Since I started this blog in 2007, I haven’t written a specific 9/11-oriented post on one of the anniversaries that have passed since then. But when the attacks happened in 2001, I was running a personal site on Geocities. It was really awful. I even used Comic Sans at the time. But I did write some things in the days immediately following 9/11, and this year my mind was brought back to those writings.
This year strikes me as different than the last several, probably mainly because of the anti-Muslim talk that is plaguing our country these days, and the inability that so many folks have to separate fundamentalists who fly into buildings from folks who want to build a community center, and the ridiculous desire to burn the Koran in response to that community center.
In 2001, I was a freshman in college. A few months before, I had attended Cornerstone Festival for the first time, and one of the bands I saw there was Ballydowse. Ballydowse was a Celtic punk band based at JPUSA, the intentional community on the north side of Chicago that puts the festival on each year. Ballydowse sang songs about politics, economics, and society that were (and in general still are) very unique. They sang songs about Oscar Romero, George Macdonald, Iraq and the sanctions we placed on it, and a number of other such topics. They also operated a section of their website that provided a place for dialogue about these and other issues.
In the first couple of days after the attacks happened, the lead vocalist wrote a beautiful piece in response, seeking to encourage us to be slow to speak, slow to anger, and quick to listen; in the hopes that we would have sought to respond in the right ways, rather than to answer terror with terror. While his words, being from a band in an underground music scene, went unheeded in the national conversation, they changed my life forever. Ballydowse’s website has been down for years, and the band no longer exists, but this year I managed to find an archived copy of his article. I post it here, as the formatting isn’t what it was when the site was operating, and it’s not very easy to find.
The power and beauty of his words have not been lost in these last nine years.
These were my thoughts shortly after the World Trade Centers horror. Since then too few have been rescued, and the death toll is in the thousands. It is very sad and our prayers go out to those families.
It is hard to begin speaking when so many arms are emptied of loved ones and for them our hearts feel only silent grief. It has been just a few short days since the world turned and Terror murdered so many. The Towers were no longer symbols. Suddenly, we realized that they were nothing, but the lives they contained were everything. These unique lives cannot be replaced even if a thousand towers, twice as high, rise again in our cities.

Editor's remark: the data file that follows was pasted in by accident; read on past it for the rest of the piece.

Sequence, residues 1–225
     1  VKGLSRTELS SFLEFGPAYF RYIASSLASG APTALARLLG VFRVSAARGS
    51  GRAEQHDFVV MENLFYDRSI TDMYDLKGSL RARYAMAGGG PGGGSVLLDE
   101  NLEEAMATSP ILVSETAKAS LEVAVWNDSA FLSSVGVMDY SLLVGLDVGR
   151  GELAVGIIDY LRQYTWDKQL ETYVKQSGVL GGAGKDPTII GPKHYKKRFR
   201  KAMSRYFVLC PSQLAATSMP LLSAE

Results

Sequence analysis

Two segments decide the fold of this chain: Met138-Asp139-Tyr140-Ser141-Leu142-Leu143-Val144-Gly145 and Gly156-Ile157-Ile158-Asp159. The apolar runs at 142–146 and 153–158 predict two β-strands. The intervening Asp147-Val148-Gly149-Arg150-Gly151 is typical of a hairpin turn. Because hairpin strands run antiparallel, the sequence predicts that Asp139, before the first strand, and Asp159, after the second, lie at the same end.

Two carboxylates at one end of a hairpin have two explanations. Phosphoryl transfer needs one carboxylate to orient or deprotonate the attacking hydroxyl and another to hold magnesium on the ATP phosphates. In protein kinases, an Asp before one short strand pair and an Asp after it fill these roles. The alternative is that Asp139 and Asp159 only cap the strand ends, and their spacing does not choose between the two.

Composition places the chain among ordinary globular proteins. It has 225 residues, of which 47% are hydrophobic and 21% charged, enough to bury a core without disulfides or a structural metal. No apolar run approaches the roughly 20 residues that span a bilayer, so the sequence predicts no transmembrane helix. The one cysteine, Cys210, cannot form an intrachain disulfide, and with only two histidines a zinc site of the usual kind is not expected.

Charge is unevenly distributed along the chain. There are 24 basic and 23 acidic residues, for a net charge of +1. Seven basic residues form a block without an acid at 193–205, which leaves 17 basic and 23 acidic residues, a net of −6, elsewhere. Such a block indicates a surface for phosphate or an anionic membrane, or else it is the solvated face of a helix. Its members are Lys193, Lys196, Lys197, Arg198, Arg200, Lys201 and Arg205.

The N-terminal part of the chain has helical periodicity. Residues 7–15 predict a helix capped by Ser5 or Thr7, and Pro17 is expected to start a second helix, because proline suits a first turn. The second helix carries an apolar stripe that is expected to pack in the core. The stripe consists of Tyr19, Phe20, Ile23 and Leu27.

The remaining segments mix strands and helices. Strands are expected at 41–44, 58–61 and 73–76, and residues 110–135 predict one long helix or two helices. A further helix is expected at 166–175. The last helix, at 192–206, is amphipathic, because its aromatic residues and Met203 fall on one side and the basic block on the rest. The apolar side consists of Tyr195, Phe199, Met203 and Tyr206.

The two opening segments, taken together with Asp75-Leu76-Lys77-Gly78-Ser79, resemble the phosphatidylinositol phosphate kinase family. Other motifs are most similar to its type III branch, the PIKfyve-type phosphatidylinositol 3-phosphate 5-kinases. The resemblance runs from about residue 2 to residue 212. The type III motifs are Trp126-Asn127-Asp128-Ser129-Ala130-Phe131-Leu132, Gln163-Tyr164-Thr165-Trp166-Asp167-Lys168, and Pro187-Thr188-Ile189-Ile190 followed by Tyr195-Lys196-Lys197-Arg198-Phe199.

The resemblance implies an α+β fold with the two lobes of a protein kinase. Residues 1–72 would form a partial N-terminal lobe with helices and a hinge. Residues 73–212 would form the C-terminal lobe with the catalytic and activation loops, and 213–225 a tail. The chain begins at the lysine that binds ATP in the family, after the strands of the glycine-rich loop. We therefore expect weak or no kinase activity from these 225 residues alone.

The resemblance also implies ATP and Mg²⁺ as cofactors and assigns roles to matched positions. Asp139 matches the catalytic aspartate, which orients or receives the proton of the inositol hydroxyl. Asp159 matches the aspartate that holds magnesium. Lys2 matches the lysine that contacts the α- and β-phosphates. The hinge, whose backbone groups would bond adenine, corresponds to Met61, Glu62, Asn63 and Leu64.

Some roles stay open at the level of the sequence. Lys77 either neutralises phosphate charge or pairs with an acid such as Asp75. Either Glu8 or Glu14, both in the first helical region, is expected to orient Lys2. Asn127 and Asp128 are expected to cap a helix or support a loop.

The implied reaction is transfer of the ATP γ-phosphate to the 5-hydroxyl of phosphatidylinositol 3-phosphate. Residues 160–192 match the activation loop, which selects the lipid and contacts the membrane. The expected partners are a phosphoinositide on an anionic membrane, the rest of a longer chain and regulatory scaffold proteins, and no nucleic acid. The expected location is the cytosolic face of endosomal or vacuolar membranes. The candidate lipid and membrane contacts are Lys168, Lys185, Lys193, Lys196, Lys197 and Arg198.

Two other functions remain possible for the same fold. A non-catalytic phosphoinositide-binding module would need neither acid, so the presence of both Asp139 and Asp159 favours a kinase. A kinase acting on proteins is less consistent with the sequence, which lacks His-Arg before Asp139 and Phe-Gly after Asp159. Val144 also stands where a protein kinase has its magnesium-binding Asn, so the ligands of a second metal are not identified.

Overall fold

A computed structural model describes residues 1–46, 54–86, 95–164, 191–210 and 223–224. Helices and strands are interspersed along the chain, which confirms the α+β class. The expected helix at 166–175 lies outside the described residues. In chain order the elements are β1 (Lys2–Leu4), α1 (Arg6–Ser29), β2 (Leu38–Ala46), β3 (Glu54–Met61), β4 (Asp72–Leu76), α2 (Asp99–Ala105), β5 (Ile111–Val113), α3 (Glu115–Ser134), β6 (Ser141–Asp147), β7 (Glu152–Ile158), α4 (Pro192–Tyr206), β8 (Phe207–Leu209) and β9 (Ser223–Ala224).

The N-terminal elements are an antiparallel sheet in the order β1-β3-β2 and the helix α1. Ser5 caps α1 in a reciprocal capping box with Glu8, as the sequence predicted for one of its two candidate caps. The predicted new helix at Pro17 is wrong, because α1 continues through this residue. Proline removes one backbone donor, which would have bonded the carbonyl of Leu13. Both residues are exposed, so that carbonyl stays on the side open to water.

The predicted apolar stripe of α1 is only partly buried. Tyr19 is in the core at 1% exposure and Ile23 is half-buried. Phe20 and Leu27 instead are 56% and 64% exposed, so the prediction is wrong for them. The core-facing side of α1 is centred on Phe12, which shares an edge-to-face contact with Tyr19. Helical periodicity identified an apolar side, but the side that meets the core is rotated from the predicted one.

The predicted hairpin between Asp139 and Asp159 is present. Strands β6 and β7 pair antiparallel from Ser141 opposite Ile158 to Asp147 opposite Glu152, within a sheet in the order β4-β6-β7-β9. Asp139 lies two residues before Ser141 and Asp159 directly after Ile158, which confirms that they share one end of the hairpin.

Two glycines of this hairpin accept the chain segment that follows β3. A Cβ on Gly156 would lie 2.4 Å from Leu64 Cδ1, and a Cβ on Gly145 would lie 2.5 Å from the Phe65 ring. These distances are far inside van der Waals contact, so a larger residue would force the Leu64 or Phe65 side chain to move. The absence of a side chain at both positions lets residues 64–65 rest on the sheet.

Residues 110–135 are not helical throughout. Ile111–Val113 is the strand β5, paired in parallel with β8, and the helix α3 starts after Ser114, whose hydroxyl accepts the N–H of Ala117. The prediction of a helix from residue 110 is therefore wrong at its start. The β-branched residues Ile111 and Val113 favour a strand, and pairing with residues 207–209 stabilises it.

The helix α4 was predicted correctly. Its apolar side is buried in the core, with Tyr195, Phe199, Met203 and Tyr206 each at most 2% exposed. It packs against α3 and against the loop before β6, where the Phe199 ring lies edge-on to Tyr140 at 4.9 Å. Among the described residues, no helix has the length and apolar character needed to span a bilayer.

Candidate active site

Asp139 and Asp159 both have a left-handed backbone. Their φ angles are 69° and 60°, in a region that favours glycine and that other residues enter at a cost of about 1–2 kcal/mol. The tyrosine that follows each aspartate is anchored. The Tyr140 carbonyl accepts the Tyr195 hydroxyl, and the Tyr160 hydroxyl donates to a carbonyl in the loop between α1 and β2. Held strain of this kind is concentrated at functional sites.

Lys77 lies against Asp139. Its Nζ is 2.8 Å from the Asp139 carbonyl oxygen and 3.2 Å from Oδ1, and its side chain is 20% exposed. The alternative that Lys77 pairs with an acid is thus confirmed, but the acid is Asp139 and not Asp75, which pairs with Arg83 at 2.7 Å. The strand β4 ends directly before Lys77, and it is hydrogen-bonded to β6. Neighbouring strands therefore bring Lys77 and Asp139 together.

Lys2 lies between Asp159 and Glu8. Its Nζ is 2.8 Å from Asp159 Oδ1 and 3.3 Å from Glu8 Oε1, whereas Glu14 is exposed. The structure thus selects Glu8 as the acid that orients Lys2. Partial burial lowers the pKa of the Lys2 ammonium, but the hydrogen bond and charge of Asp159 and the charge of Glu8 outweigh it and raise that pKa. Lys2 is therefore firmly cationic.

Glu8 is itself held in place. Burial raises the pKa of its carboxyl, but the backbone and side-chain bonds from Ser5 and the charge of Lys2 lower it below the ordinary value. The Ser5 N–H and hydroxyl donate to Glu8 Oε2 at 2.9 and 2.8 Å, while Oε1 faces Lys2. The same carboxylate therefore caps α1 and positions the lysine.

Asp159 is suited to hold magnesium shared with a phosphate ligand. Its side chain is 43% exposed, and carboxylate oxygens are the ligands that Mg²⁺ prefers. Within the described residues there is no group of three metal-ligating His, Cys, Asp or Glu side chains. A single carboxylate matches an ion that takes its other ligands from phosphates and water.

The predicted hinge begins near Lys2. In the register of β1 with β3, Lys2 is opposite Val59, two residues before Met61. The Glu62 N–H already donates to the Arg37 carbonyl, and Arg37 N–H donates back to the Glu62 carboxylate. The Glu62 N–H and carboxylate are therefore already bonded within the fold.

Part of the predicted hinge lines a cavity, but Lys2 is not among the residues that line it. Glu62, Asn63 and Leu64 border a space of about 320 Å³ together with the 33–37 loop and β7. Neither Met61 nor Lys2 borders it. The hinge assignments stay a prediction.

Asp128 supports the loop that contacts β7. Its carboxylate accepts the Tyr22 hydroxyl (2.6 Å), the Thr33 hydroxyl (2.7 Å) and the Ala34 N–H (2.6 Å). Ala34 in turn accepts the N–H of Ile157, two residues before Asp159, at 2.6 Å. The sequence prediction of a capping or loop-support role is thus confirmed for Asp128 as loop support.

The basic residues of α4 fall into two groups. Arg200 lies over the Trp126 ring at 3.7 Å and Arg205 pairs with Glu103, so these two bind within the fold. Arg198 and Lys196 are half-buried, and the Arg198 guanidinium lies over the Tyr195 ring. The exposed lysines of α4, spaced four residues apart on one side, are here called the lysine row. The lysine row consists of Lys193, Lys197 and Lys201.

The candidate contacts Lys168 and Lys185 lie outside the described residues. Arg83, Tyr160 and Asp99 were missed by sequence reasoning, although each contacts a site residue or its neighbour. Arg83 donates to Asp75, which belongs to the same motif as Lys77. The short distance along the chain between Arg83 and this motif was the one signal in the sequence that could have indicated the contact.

Who among us can describe such loss? The necessary transformation to a numerical body count will only be a vulgarization. Each one of my children, alone and unaided, outweighs the world. How can a mere number shroud such unfathomable depths of vanished possibilities? As the dead are gathered- and we hope against hope that more survivors will be found-already we know that over three hundred firefighters, police officers, and emergency personal were lost. This world is hard enough to doctor without this terror. The pain and accidents that come with our freedom fill the days of the service people with enough grief, we all wonder why humanity elects to add to such a brimming cup. As the days go on the numbers will rise. God be with these families and let us offer whatever we can, for those who still struggle in the hospitals wards or beneath the rubble and for those who mourn. That is our first response.
Beyond that let us be slow to speak, slow to anger, and quick to listen. The talk today is full of payments long due and vengeance swift preparing. As to the payments long due, it is one thing to speak of a nation’s collective responsibility for its words and deeds. It is another to overturn all constructive foundations that any such talk must have and embrace the murder. Let this point be clear- there is no past actions or present policies that can justify the targeting of innocent civilians in any nation’s cities. No cries to call America to justice for its past actions can be mingled with blood arbitrarily drawn from the mothers and fathers, sons and daughters of this land. The murders in New York, Washington, and Pennsylvania contribute only to the glory of evil. The historical dynamics, the discussion of what lies between the birth and death of those who commit such deeds may form a bridge to understanding the temptations of rage but at the crossing of the line into terror, the actors must be left naked without excuse. Murderous actions cannot be dignified as necessities, they must remain unable to drown out the still small voice that offers each of us freedom to overcome our past.